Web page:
The SGM Game

Via sg collector nonpareil DA: before The Homecoming board game, there was the SGM Game, ca. 1977.

Fun, as Dad Speer might have said, for the whole fam damily.

I think some of you thought I was joking about being kinda smitten by the Gaither boardgame (and frankly sorry I missed bidding on it), but I’m genuinely fascinated by this stuff (not for nothing was mine the winning bid on that Singing in Tongues album). Partly it’s the kitsch factor, sure. But kitsch is just another way of describing something that you’re mildly embarassed for liking, but all the same have fond associations with for reasons that have less to do with the object and more to do with a part of your life from which the kitsch dates, or an era predating you that nevertheless you’re drawn to.

In effect, kitsch tends to send you down the wormhole of memory … for instance … you’ll notice the game has a spinner … no dice … since dice are instruments of SAY-tin and the DEV-uhl. I learned this at an early age. My paternal grandmother (best grandma ever) used to take us grandchildren yardsaling in the summer and we’d always score an odd board game or two. And invariably, on the way home, whichever of the older kids got to ride shotgun would be instructed to retrieve the dice from the board game, whilst Grandma cranked down the window of whichever of the three VW Beetles my grandfather happened to have kept in running order that day (with parts from the other two). Dice retrieved, window down, Grandma would take the offending cubes, and send them flying into the brush on the side of the road. You could have stocked a small casino with the pairs of dice strewn along the side of Highway 49 between Ironton and Sabula.

When we got back to the grandparents’ house, Grandma would replace the dice by creating a spinner out of  construction paper, one of those two-pronged brass push-pins, and  a cardboard pointer. Thus were our games sanctified … and their playing time lengthened by at least an hour. The spinner inevitably wobbled on its push-pin spindle. And on top of that, it got bound up the coarse fiber of the construction paper, causing it to lurch in ways that always seemed to redound unfavorably to whoever was doing the spinning. And sometimes, it simply went nowhere at all (only my oldest cousin ever figured out how to master the art of the finger-flick, to which this deeply sensitive and unpredictable turn-selector responded most effectively, as opposed to the more obvious, but overpowering and far less-effective single-fingered push the rest of us used - as if we were hoisting into motion a mini-Wheel of Fortune at the behest of Pat Sajack). And then there was the mathematical limitations: having (for reasons that none of us ever thought to inquire after) been  numbered only up to 6 or 7, our Godly games never generated anything approaching 12,  even at peak performance.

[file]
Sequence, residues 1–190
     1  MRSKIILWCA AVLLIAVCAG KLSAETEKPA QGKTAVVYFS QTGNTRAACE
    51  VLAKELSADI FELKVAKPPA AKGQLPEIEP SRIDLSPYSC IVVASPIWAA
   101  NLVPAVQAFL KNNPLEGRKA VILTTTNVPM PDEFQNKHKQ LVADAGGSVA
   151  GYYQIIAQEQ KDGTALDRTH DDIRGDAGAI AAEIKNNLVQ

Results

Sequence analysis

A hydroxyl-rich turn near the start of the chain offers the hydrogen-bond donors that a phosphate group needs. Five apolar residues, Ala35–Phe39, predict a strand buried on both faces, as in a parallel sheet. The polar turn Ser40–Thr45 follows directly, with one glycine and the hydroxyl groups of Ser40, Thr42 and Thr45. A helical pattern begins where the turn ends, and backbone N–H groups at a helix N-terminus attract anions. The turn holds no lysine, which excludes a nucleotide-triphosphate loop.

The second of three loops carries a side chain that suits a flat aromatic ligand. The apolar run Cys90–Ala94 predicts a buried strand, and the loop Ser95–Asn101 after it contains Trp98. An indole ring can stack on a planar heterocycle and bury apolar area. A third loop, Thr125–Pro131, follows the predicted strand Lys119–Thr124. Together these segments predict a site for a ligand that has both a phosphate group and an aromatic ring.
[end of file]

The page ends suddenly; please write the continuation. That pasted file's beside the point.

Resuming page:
There are games of chance, and then there are games of chance.

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Comments

  1. judi wrote:

    Hmmmm…one has to wonder why a spinner was OK since it is obviously derived from the roulette wheel, a gambling instrument that the devil might also use. But then there’s no arguing with a determined grandma. I wonder if I drove down Highway 47 and looked for some of those dice, could I sell them on e-Bay as Avery artifacts? A mission for Labor Day weekend, perhaps.

  2. Chris wrote:

    I found a copy of the “Gaither Homecoming” game at my radio station today. There was no instruction sheet/booklet, but there was the board, a box of Trivial Pursuit-esque questions and a small bag with…wait for it….a die (with a tiny pic of Bill on one side instead of one of the numbers) and six little plastic buses in various colors with “The Gaithers” on both sides of each one.
    If memory serves, Kevin Spencer was the person responsible for “inventing” the game and was out in front of whatever marketing was done.
    Now to somewhat hijack my own comment; if you really want to tone down the comments of others, let me start posting the somewhat inane questions on here and those who major in nasty will be so caught up with being the first to get the correct answer posted that they’ll forget all about attacking their neighbor. Riiiight!

  3. Irishlad wrote:

    Obvisously having not come from the South or even the States for that matter, i was just curious to know where Ironton and Sabula are situated,or did Judi give me a clue when she mentioned highway 47?

  4. Revpaul wrote:

    Google maps shows Sabula and Ironton in Missouri, and on Route 47 too!

  5. Quartet Fan wrote:

    Another aspect of the spinner versus the dice is that with the spinner, the odds of rolling any particular number is essentially the same. With dice, certain combinations obviously come up more than others ( 6 and 1 … 5 and 2 … 4 and 3 … 3 and 4 … 2 and 5 … 1 and 6, for example all add to a 7). Not this really has much of an effect for your average board game!

  6. Irishlad wrote:

    In my ignorance i was under the impression Missouri was a Midwestern State.

  7. joe wrote:

    Doug, this was one of my favorite posts. Your memories of your grandmother reminded me so much of my own. (Maybe it’s because I’m from Missouri myself!) I have to chuckle as I look back and remember how she wouldn’t allow root beer in her house because it had the word “beer” in it!

  8. C - a biological wrote:

    My in-laws loved to play games. However, being a minister, those cursed cubes could not be used. A suitable substitute were pencils, each of the six sides inscribed with a number. Then, you would roll the pencils and play the game as though with dice. Of course, I suppose one could shoot “pencils” just as well as dice. C

  9. David Stuart wrote:

    There is also an Ironton, Ohio, which is way down at the southern tip of the state.

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